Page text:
So Kíli only has to deal with a few guffaws and a cackled: “I think he wants you naked, brother,” before the other dwarves begin to head back upstairs. They've been neglecting their normal duties in the search for Bilbo and Balin has quite a pile of paperwork growing on his desk.
Eventually Fíli, Kíli and Thorin are the only ones left, the king and his heir holding a murmured conversation about logistics while the archer sits and smiles at Bilbo sappily. All it takes is one glance at his brother for Fíli to be certain that dragging him away from their burglar is going to be nearly impossible. But there are some benefits to being part of the ruling family and it doesn’t take long for Thorin and his heir to work out a plan for the months ahead.
It’s a relatively simple matter to bring the youngest Durin a bedroll and Kíli has certainly slept in worse places through the years. Bombur agrees to supply the archer with meals each morning, while Fíli drags his brother off to the baths whenever he starts to smell a bit too much.
“You want to make a good impression when Bilbo wakes, little brother,” the blond prince laughs, this argument convincing Kíli where all others fail.
But other than such short breaks for necessity, the archer stands constant vigil over his hobbit even as each member of Thorin's company drops by to visit from time to time. They sit quietly or chat with Kíli as befits their personality, Ori always coming with a stack of books for him to read. Bilbo had always liked history so the dwarf reads the texts aloud, the tales of his forefathers helping to while away the long days until he can see those dear eyes open once again.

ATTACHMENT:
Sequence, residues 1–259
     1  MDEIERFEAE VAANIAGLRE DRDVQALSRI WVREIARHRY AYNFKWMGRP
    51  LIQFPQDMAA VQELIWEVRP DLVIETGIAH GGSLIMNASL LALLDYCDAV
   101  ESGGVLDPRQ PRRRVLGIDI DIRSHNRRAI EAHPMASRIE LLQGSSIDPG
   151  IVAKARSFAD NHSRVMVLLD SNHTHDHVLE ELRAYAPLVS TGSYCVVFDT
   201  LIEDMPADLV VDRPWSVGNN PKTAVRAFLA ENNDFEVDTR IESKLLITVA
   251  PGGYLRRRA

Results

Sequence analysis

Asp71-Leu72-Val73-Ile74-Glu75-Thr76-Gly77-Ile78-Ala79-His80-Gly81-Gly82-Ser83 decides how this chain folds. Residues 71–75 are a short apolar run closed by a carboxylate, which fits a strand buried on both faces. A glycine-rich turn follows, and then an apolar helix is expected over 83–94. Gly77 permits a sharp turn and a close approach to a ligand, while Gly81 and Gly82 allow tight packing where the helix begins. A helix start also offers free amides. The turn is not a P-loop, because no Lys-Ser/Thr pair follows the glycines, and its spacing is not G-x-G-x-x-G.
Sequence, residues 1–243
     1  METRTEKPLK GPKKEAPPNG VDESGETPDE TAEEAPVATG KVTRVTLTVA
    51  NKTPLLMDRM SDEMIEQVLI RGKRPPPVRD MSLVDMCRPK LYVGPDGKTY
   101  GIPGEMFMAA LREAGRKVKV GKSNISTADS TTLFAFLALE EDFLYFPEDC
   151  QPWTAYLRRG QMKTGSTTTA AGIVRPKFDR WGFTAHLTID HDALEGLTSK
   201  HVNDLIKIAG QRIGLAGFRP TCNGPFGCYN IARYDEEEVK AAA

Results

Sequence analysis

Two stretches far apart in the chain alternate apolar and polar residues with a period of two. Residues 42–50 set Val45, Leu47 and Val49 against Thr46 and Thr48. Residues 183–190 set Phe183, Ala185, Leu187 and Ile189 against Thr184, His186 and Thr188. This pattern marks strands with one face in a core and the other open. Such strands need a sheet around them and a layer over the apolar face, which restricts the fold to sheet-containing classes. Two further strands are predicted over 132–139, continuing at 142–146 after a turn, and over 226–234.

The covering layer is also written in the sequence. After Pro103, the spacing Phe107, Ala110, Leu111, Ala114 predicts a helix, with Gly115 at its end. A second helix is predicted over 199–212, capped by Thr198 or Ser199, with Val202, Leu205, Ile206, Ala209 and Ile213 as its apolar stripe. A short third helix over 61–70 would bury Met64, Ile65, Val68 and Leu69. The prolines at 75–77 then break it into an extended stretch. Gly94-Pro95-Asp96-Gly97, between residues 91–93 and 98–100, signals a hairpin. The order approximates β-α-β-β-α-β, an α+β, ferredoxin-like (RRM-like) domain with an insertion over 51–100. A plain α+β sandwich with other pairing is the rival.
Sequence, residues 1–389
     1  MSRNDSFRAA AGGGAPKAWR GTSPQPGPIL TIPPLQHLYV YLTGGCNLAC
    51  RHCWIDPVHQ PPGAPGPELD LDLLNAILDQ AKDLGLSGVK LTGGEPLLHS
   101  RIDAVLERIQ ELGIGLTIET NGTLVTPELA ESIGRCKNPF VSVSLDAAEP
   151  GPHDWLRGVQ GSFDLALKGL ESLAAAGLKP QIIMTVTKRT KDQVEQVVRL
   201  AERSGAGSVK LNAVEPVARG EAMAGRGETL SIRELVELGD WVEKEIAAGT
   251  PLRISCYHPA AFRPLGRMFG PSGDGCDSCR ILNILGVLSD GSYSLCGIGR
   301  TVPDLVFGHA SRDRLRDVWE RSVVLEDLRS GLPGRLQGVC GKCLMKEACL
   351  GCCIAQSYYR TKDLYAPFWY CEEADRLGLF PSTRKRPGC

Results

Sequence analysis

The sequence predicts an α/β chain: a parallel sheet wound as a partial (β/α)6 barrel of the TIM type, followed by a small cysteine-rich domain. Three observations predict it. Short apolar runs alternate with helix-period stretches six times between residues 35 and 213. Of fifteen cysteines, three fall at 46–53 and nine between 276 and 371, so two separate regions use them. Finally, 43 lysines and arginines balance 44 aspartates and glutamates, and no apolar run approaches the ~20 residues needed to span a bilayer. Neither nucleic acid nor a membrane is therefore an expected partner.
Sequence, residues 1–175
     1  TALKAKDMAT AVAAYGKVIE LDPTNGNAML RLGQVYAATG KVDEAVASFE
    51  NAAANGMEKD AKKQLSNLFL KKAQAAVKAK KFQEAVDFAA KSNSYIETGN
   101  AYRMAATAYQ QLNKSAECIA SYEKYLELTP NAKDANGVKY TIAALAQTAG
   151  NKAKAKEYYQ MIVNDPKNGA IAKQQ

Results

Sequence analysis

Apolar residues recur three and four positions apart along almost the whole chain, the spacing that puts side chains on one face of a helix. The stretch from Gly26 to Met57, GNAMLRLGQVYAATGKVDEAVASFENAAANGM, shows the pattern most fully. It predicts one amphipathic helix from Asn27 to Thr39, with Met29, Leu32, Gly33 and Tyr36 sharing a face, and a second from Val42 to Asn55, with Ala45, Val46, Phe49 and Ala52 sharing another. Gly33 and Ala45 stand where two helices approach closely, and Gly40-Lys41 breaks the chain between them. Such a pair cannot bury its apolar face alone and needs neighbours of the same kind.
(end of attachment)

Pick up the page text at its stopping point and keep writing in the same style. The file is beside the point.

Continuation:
The archer still doesn't know what he's going to say, but he knows that he's going to say something and he's determined to be the first person that their burglar sees. So the youngest Durin waits almost patiently as the chill winter wind screams across the plains, warm and cozy in Erebor's embrace.
He waits for his hobbit and one bright morning, after the first buds of spring have bloomed upon the mountain, Bilbo finally stirs.
“Kíli,” the burglar murmurs softly, opening his eyes and giving the prince the sweetest smile that he has ever seen. “Kíli, I dreamed of you.”